U.S. Policy on 'Axis of Evil' Suffers Spate Of Setbacks
Wednesday, August 17, 2005
President Bush's campaign against what he once termed the "axis of evil" has suffered reverses on all three fronts in recent days that underscore the profound challenges confronting him 3 1/2 years after he vowed to take action.
First, multilateral talks orchestrated by the United States to pressure North Korea to give up nuclear weapons adjourned last week after 13 days without agreement. Then Iran restarted its program to convert uranium, in defiance of the United States and Europe. Finally, negotiators in Iraq failed to draft a new constitution by Monday's deadline amid an unrelenting guerrilla war against U.S. forces.
None of these developments may be fatal to Bush's policy goals, but the quick succession of setbacks has left his national security team privately discouraged and searching for answers. Whereas Bush in his first term vowed to reinvent foreign policy with a new doctrine of military preemption to deal with rogue states, he has largely dropped such talk since the invasion of Iraq in 2003. Instead, he has favored diplomacy with Tehran and Pyongyang and nation-building with Baghdad -- yet the old-fashioned improvisation has yielded similarly murky results.
Administration officials publicly have put the best face on the situation, finding hope in the fact that Iraq's sectarian leaders remain at the negotiating table and that neither Iran nor North Korea has ruled out further talks. Unlike in Iraq two years ago, U.S. officials note, this time they are working more or less in tandem with European and Asian allies.
"These are difficult issues," national security adviser Stephen J. Hadley said in an interview last week after the Iran and North Korea setbacks. "They're going to take some time. But the main thing is to keep the international community focused."
Iran's new hard-line president has said he has ideas to discuss with European Union powers Britain, Germany and France -- the "E.U. Three" nations that have taken the lead in dealing with Tehran -- and his new national security chief said yesterday that negotiations will continue. The six-party talks involving North Korea and the United States along with China, Japan, South Korea and Russia are due to resume in Beijing the week of Aug. 29.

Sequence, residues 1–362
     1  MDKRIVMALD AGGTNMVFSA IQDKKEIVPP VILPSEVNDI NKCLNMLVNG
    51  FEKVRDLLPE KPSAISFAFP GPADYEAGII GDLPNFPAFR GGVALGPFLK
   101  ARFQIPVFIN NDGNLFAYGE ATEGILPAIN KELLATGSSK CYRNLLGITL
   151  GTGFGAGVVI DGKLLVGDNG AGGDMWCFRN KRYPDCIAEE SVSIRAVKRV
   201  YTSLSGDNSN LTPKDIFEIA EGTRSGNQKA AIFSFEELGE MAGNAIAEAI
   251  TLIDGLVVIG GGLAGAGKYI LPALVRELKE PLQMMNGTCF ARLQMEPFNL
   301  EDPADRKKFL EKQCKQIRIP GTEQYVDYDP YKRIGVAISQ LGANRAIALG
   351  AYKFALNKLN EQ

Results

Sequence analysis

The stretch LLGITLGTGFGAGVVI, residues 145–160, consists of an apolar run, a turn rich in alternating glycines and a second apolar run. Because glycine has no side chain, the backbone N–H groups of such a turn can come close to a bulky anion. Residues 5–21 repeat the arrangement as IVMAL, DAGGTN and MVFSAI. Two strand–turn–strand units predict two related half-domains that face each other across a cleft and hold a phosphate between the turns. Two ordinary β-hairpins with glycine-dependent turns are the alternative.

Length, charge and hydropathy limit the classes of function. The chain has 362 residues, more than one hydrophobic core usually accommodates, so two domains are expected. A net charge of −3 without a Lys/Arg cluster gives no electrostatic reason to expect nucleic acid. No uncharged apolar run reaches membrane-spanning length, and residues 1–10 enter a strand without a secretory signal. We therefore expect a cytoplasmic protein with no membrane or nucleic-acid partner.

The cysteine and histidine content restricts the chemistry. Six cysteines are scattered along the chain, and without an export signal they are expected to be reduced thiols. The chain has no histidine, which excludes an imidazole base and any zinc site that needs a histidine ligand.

Seeking cause for optimism, Hadley noted that the latest round of talks on North Korea ended a 13-month boycott by Pyongyang. "They were basically testing us to see if they could split the [other] five . . . and they failed," Hadley said. "Similarly now, the Iranians are trying to test the E.U. Three to see if they can split them."
Yet in the broader picture, the fitful pace of talks in both cases belies the urgency Bush has expressed in the past, and some Bush supporters believe the time has come for a more robust approach.
"The present course cannot be followed forever," said David Frum, a former Bush speechwriter who helped coin the "axis of evil" phrase in the 2002 State of the Union address to target countries believed to be developing weapons of mass destruction. "The president made his statement -- that he will not permit that -- so now he has to find a course of action. In Iraq, the president said he will see the job through. The job's not through, and we'll see if he'll follow through on that."
Frum said he sometimes worries that Bush has become a captive of a status quo bureaucracy. "The Bush administration since 9/11 has been again and again fighting to escape gravity, fighting to escape the weight of the way things have always been done," he said. "Things are now coming to a decision point, and we'll know soon."
The unexpected difficulties endured in Iraq since the fall of Saddam Hussein in April 2003 have colored the broader efforts against the "axis of evil" states. Tehran and Pyongyang have felt freer to flout American pressure, secure in the knowledge that the U.S. military is tied down in Iraq, analysts said.
"The situation in Iraq is sufficiently sober [that] I think this has given the Iranians a boost of confidence that they didn't have two years ago," said Geoffrey Kemp, a Reagan administration national security official who is now a scholar at the Nixon Center. "They're not scared of us as they once were."